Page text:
Townshend used the early synthesisers and modified keyboard sounds in several modes: as a drone effect on several songs, notably “Baba O’Riley” and “Won’t Get Fooled Again”, and as a playful noisemaker. Townshend also used an envelope follower to modulate the spectrum of his guitar on “Going Mobile”, giving it a distinctive squawking sound that degenerates into a bubbling noise at the end of the song.
So, between “Tommy” (1969) and “Quadrophenia” (1973) we should have another rock opera, instead we’ve got “Who’s Next”, a quite futuristic and experimental rock album, perhaps one of the finest. “Baba O’Riley” and “Won’t Get Fooled Again” – at least – are absolutely mandatory classics.
01. “Baba O’Riley” â€“ 5:08
02. “Bargain” â€“ 5:34
03. “Love Ain’t for Keeping” â€“ 2:10
04. “My Wife” (John Entwistle) â€“ 3:41
05. “The Song Is Over” â€“ 6:14
06. “Getting in Tune” â€“ 4:50
07. “Going Mobile” â€“ 3:42
08. “Behind Blue Eyes” â€“ 3:42
09. “Won’t Get Fooled Again” â€“ 8:32
Keith Moon was one of the first rock drummers developing serious use of the double bass drums, a Rolling Stone readers’ pick placing him in second place of the magazine’s “best drummers of all time” in 2011, nearly 35 years after his death.
Townshend known primarily as a guitarist, also plays other instruments such as keyboards, banjo, accordion, synthesiser, bass guitar and drums. He has never had formal lessons in any of the instruments he plays. He’s stage act is a standard for any rock guitarist who wants to escalate the stage.
The group has been credited with originating the “rock opera” and it made one of the first notable concept albums. Following “Tommy” were David Bowie’s “The Rise and Fall of Ziggy Stardust and the Spiders from Mars”, “The Lamb Lies Down on Broadway” by Genesis, and Pink Floyd’s “The Wall” in the 1970s. Later efforts in the rock opera vein include Queensryche’s “Operation: Mindcrime”, My Chemical Romance’s “The Black Parade” and Green Day’s “American Idiot” among many other releases.
The Who have seven albums out of eleven on “Rolling Stone’s 500 Greatest Albums of All Time”, being right behind The Beatles, Bob Dylan, The Rolling Stones, Neil Young, Bruce Springsteen and Eric Clapton.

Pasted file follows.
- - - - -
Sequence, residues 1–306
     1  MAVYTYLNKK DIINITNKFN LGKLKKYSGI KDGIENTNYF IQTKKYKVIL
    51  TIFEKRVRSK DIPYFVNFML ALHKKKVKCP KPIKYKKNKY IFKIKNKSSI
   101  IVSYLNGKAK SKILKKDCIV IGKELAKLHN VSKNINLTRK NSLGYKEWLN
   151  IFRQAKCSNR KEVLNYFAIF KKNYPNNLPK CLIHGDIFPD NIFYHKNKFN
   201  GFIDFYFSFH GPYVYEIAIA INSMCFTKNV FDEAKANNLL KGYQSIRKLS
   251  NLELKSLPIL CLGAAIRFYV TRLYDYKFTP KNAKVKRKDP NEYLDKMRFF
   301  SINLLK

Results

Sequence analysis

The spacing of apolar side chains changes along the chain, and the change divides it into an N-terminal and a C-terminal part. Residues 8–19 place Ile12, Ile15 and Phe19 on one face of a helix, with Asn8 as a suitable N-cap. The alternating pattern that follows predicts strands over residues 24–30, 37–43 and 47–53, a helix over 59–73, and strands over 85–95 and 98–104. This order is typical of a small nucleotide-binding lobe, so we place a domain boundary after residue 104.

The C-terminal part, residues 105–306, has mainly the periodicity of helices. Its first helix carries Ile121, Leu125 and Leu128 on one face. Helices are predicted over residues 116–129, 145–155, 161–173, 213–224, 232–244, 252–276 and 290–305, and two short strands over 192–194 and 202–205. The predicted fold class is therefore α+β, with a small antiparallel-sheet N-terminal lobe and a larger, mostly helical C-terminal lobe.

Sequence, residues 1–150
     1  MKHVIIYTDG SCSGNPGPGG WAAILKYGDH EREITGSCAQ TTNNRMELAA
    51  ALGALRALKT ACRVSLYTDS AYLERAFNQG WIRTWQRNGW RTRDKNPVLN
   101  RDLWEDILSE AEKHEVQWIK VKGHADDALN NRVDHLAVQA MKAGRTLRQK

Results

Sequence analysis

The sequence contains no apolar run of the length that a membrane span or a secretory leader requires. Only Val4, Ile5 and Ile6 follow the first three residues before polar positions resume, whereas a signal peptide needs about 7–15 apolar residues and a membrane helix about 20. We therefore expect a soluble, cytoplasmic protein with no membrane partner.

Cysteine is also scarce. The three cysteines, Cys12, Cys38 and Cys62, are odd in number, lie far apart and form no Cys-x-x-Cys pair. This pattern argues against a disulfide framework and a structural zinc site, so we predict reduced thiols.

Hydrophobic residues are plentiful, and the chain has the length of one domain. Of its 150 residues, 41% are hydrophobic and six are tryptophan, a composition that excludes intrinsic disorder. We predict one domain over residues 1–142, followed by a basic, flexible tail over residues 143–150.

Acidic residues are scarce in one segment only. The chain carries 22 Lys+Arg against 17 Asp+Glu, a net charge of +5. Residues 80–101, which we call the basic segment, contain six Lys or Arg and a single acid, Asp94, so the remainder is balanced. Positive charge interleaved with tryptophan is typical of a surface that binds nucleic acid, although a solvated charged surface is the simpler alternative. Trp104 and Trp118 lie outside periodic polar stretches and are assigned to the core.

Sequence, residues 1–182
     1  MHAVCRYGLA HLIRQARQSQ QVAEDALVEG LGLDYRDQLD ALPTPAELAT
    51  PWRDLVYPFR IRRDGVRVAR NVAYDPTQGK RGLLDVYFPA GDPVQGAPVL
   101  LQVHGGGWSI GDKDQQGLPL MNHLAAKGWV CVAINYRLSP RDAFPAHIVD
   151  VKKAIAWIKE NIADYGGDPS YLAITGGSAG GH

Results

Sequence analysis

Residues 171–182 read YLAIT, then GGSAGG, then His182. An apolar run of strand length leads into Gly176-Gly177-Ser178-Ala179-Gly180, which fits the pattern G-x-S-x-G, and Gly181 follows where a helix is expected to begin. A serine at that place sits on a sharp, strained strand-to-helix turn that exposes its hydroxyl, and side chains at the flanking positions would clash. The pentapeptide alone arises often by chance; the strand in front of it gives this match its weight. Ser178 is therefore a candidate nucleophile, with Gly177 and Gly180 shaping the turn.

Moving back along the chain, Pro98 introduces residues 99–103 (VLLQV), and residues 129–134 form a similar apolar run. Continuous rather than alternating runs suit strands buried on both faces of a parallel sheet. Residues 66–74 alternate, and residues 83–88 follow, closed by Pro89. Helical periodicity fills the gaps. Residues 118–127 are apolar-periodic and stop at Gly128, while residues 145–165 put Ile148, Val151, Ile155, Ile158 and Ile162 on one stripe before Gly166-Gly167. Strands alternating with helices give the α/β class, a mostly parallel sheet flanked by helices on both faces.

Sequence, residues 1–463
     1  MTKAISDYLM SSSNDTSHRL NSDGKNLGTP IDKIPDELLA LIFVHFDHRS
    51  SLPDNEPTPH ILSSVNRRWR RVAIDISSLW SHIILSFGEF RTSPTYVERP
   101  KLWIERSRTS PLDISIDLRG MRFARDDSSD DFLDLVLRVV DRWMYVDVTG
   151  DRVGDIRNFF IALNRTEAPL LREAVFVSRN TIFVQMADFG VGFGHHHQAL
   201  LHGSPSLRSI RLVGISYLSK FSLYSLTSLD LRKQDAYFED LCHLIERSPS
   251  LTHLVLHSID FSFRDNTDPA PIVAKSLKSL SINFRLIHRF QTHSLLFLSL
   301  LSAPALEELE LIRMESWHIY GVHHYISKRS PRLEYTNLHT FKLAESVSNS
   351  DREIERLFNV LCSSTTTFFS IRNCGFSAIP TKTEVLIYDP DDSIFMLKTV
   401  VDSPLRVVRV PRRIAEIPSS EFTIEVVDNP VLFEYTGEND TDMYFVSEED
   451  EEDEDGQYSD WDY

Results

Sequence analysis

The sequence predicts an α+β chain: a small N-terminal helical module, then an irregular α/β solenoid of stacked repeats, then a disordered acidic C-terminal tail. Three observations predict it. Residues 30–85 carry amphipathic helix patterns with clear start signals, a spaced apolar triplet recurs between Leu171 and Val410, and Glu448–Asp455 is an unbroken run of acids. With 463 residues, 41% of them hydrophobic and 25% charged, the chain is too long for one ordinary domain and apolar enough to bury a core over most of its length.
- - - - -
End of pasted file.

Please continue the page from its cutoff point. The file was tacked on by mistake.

“Tommy” was inducted into the Grammy Hall of Fame in 1998, “My Generation” in 1999 and “Who’s Next” in 2007. “My Generation” was selected for preservation in the United States National Recording Registry in 2009.
The Who were inducted into the Rock and Roll Hall of Fame in 1990, their first year of eligibility, into the UK Music Hall of Fame in 2005, and won the first annual Freddie Mercury Lifetime Achievement in Live Music Award in 2006. The Who’s display at the Rock Hall describes them as prime contenders for the title of “World’s Greatest Rock Band”, only The Beatles and The Rolling Stones received a similar accolade at the Rock Hall. They received a Lifetime Achievement Award from the British Phonographic Industry in 1988, and from the Grammy Foundation in 2001, for creative contributions of outstanding artistic significance to the field of recording. They have charted 27 top forty singles in the United Kingdom and United States, as well as 17 top ten albums, with 18 Gold, 12 Platinum and 5 Multi-Platinum album awards in the United States alone.
Moon died at the age of 32 in 1978, after which the band released two studio albums, the UK and US top five “Face Dances” (1981) and the US top ten “It’s Hard” (1982), with drummer Kenney Jones, before disbanding in 1983. They re-formed at events such as Live Aid and for reunion tours such as their 25th anniversary tour (1989) and the Quadrophenia tours of 1996 and 1997. In 2000, the three surviving original members discussed recording an album of new material, but their plans temporarily stalled upon Entwistle’s death at the age of 57 in 2002. Townshend and Daltrey continue to perform as The Who, and in 2006 they released the studio album “Endless Wire”.